But this isn’t the only thing they’re not sure about. Are we even sure that Jawdat Ghorab, the fisherman who discovered the statue, told the truth? The story told in March by this young, 26-year-old Palestinian sitting in front of his simple house in Deir al-Balah sounded fair, credible. But no one can be sure of anything.
An unemployed builder before he became a fisherman, Ghorab keeps complaining about what happened following the discovery. “I was told the statue was worth 250 million euros, and I didn’t receive anything!” he said.
Why did Hamas chose to confuse the issue? “The maritime argument works well for the government,” the professor of antique history said. “When in the water, the statue belongs to no one. Once on the ground, a family almost certainly claims its property. Property issues are very important in Gaza.”
Yet the area where the statue was found also provides its own explanation. It is possible that the Apollo of Gaza stayed buried in the sand for centuries, and was only removed from it by recent water flows.
Michel L’Hour, head of the Department of Underwater and Submarine Archeological Research in Marseille, believes in that version of the story. “Bronze that stays in seawater is affected with chloride, but that doesn’t mean it becomes covered with shells,” L’Hour said. “This particularly makes sense if the statue was buried in the sand.”
The sea, Mr. L’Hour said, “is the largest natural safe for bronze statues from Antiquity, as it protects them from men.”
Philippe de Viviès, an expert in corrosion who also observed the statue’s pictures, shares the same view. “Many elements, including the way corrosion products are spread on the statue, make us think that it stayed in the water for a long time,” the expert said. He didn’t exclude the fact, however, that the statue had been partially cleaned.
Speculations around the statue abound in Gaza. A wealthy businessman, who wished to remain anonymous, said the statue was found not far from a Byzantine church, on the Salahuddin road that crosses the Gaza Strip. “The Apollo was found while digging one of the military tunnels that Hamas has been building to protect itself from the Israeli Air Force bombings,” the businessman said.
The Hamas government, he added, “wants to make money out of it but in a discreet way.”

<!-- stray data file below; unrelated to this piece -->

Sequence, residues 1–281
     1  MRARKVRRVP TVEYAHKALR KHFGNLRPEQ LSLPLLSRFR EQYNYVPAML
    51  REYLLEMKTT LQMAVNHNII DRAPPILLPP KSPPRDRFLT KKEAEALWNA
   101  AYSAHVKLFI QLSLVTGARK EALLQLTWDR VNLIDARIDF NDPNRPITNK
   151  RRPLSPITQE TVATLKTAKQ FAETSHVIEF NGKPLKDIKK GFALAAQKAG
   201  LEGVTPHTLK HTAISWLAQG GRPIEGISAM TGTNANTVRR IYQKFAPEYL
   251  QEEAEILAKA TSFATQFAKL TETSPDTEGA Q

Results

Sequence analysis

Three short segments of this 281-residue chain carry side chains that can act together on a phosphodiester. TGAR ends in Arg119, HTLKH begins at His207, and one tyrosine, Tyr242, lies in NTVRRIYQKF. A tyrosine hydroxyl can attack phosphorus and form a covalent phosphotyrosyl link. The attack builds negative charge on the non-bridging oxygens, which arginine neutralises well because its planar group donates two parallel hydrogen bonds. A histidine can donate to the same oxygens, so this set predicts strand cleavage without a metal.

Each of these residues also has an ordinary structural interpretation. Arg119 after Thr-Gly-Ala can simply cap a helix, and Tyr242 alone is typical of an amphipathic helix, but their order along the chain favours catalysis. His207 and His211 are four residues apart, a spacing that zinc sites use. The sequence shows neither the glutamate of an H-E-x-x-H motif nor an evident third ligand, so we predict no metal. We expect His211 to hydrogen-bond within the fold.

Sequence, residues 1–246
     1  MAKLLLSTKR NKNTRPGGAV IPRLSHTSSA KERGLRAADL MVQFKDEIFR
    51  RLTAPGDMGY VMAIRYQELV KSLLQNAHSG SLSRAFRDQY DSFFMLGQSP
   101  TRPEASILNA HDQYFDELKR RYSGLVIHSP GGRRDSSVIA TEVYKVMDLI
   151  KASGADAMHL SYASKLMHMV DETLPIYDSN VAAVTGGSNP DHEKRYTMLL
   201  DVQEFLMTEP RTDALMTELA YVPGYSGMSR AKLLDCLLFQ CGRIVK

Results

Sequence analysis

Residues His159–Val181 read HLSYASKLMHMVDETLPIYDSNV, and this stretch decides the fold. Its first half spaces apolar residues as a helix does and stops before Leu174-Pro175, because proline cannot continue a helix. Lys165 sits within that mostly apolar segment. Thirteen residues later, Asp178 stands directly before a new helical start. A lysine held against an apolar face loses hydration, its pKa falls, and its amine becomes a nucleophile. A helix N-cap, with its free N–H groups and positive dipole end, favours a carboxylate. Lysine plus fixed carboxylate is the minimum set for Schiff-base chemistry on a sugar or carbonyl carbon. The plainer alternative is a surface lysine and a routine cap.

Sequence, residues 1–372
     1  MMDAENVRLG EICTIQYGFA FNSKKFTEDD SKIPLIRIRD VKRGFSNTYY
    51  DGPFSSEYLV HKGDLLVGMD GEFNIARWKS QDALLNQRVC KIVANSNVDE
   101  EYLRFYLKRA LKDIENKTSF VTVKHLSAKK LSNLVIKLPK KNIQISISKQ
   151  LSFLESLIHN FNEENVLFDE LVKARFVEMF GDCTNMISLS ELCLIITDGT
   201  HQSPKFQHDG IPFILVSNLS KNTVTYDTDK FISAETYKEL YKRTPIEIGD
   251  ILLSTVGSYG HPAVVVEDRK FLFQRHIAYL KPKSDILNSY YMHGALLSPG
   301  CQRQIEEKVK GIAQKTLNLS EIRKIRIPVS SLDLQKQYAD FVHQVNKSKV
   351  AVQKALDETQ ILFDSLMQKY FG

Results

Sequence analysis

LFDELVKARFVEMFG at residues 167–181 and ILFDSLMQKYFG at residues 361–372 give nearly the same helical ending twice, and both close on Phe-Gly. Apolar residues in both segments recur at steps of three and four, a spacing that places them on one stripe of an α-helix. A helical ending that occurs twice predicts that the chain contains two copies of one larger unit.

The businessman says an entire faction within the Hamas considers the Apollo as a ‘big business’ opportunity. "They think that, as time goes by, people will forget about the statue and it will then be easier to take it outside of Gaza. They’re not aware of the fact that all the museums in the world already know about this groundbreaking discovery, and that it is unsellable.”
People also find interest in Gaza’s Apollo in Ramallah, in the West Bank, where the rival Palestinian Authority is based. “The Hamas government is illegal, it has no authority whatsoever when it comes to Gaza’s cultural and archeological heritage,” said Anouar Abou Eisheh, the Palestinian culture minister in Ramallah.
“They can’t sell it,” said Elias Sanbar, a historian and the Palestinian ambassador to UNESCO, declares matter-of-factly. “The statue will be seized the second it appears on the market. We told Interpol, along with the UNESCO office working against the illicit traffic of cultural property.”
Everyone involved in the mystery of Gaza’s Apollo agrees on one thing: it is urgent to restore the statue of the Greek god, in order to stabilize the metal and prevent its corrosion. How might this be done? As of today, no Western government recognizes the Hamas regime, which in theory prevents any antique bronze specialist to be sent to Gaza.
Ahmed Al-Borsh, director of Gaza’s antiquities department, claimed he contacted the Louvre. Jean-Luc Martinez, head of the museum, told Le Monde that the Louvre had “not been officially contacted.”
“If it were to be, we would of course inform the French Ministry of Foreign Affairs,” Martinez said. The Ministry refuses to deal with the Hamas, a movement that France — along with every European country and the United States — considers as “terrorist.”
Al-Borsh doesn’t hide his real intentions. “We want France to break the embargo on Gaza with this statue, and to be the first country to do so,” he said.
Hamas now seems hesitant between obtaining political recognition abroad, and selling the Apollo to a rich foreign collector to fill up its dwindling accounts. But time isn’t Apollo’s friend. After being exposed to air for eight months, the statue’s health is now deteriorating. Was the God of War safer in the sea?
Crunched by Valentine Pasquesoone